The Cuban amazon (Amazona leucocephala) also known as Cuban parrot or the rose-throated parrot, is a medium-sized mainly green parrot found in woodlands and dry forests of Cuba, the Bahamas and Cayman Islands in the Caribbean. Although they have been observed in the wild in Puerto Rico, they are probably the result of escaped pets, and no reproduction has been recorded.
The Cuban amazon is a medium-sized parrot 28–33 centimetres (11–13 in) long. It is mainly green with some blue feathers in its wings. The green feathers are edged with a terminal black rim. Its lower face, chin and throat are rosy pink, and its forehead and eye-rings are white. The extent of the various colours of the head, the extent of the rosy pink on the upper chest, and the extent of the dull red on the abdomen vary between the subspecies. Its irises are pale olive-green, its beak is horn-coloured, and the feathers over the ears are blackish. The legs are pink. The juvenile has little or no red on the abdomen, less black edging on the green feathers, and some of the feathers on the top of its head may be pale yellow rather than white.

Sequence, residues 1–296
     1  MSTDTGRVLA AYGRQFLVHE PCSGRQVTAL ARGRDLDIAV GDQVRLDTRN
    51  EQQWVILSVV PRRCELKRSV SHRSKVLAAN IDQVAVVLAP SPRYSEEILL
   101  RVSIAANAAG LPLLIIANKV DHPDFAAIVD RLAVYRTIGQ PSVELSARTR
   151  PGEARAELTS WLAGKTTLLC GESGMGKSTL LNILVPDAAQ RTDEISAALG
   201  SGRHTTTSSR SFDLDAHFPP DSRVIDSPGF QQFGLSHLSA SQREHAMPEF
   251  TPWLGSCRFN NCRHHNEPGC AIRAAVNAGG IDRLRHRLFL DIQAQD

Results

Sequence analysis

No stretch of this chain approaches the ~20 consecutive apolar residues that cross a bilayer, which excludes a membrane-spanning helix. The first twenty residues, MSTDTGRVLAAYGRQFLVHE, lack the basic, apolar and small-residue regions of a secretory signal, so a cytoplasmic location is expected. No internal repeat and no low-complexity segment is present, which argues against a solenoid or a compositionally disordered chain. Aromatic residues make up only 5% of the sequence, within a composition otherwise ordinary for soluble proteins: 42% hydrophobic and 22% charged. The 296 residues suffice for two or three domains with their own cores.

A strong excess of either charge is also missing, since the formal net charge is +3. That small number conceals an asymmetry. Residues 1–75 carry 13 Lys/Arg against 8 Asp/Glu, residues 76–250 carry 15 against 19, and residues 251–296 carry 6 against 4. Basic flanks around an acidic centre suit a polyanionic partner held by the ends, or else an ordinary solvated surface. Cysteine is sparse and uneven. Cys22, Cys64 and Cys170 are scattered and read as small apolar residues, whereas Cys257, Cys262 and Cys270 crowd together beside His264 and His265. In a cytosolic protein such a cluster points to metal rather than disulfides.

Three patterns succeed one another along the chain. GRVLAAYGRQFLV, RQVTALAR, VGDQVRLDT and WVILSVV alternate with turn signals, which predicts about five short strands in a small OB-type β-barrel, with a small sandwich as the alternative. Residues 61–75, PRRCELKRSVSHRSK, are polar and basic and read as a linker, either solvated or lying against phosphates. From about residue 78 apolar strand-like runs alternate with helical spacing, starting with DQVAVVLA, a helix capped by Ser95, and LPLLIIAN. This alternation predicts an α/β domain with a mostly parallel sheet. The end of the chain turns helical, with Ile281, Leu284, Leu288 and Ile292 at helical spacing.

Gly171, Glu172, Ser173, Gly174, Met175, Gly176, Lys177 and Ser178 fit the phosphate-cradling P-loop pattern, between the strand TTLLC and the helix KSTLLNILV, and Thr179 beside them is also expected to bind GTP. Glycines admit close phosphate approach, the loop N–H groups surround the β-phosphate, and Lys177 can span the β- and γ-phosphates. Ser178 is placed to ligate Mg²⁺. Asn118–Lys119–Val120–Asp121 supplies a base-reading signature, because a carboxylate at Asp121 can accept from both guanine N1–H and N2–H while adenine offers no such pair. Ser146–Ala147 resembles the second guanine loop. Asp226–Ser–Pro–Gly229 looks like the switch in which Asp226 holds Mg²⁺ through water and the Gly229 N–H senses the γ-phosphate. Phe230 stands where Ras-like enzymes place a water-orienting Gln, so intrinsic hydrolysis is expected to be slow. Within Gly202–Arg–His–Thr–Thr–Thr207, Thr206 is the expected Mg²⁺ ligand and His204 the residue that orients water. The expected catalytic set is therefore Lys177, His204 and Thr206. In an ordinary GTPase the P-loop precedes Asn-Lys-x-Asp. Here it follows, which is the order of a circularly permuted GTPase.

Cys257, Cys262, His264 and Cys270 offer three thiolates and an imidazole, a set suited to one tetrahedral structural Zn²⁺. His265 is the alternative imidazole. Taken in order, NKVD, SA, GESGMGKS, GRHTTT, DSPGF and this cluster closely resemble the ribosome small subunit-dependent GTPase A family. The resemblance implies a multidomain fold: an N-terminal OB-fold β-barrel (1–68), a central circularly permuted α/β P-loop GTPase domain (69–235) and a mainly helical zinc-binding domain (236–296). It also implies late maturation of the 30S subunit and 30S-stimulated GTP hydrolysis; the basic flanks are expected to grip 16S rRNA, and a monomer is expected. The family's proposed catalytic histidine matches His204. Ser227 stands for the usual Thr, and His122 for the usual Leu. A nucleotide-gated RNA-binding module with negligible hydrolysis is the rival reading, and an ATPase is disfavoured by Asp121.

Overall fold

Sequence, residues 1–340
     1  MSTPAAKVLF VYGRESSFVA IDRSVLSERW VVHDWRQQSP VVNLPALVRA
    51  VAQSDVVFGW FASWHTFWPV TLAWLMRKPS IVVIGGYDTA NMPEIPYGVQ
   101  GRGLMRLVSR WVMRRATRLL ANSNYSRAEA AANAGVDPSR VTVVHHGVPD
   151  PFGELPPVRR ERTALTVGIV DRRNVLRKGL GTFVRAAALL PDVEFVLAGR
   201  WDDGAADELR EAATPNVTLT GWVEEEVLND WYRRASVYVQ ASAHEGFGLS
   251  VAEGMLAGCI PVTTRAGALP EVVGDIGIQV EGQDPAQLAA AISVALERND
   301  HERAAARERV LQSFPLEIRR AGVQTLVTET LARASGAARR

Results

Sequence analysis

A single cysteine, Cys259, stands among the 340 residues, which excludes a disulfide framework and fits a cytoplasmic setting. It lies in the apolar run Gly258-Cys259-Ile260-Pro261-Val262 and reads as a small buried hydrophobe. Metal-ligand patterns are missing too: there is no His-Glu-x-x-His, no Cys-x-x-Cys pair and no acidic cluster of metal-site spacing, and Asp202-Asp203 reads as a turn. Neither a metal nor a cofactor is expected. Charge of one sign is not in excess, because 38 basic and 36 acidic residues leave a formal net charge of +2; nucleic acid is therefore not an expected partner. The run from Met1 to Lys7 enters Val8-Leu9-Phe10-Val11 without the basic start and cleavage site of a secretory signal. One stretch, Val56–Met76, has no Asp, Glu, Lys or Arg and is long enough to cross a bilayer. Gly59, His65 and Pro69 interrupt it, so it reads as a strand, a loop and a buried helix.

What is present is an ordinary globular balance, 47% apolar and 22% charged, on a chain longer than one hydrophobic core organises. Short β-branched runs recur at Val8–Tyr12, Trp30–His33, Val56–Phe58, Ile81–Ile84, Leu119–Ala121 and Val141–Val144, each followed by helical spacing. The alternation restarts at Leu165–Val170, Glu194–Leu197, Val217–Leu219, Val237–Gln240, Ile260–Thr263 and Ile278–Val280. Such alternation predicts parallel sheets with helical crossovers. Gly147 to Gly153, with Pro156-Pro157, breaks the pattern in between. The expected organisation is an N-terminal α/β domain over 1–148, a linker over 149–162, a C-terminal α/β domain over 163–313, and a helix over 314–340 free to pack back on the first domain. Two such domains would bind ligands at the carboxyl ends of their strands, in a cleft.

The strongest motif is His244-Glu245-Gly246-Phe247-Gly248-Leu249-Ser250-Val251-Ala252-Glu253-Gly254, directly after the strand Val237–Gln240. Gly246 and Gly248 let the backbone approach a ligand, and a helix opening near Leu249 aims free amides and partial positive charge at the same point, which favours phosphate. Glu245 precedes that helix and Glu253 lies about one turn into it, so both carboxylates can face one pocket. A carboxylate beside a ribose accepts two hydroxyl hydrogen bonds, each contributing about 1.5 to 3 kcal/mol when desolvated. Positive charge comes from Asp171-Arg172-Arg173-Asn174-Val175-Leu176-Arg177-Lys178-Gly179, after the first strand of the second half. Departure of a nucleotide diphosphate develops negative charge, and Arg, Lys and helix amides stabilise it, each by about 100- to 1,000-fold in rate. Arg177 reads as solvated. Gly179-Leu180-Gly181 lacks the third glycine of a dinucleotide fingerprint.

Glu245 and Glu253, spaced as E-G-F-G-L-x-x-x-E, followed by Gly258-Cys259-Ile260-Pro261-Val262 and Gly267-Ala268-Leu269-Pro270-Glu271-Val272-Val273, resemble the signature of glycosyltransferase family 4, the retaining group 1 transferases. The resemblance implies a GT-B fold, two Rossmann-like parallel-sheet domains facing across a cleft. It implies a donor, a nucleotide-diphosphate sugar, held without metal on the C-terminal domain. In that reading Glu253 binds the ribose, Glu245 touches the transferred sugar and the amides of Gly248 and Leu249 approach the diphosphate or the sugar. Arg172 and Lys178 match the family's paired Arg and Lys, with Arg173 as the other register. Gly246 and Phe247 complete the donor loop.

Traditionally, most authorities have recognized four subspecies of the Cuban amazon, thereby following the 1928 review by James Lee Peters.
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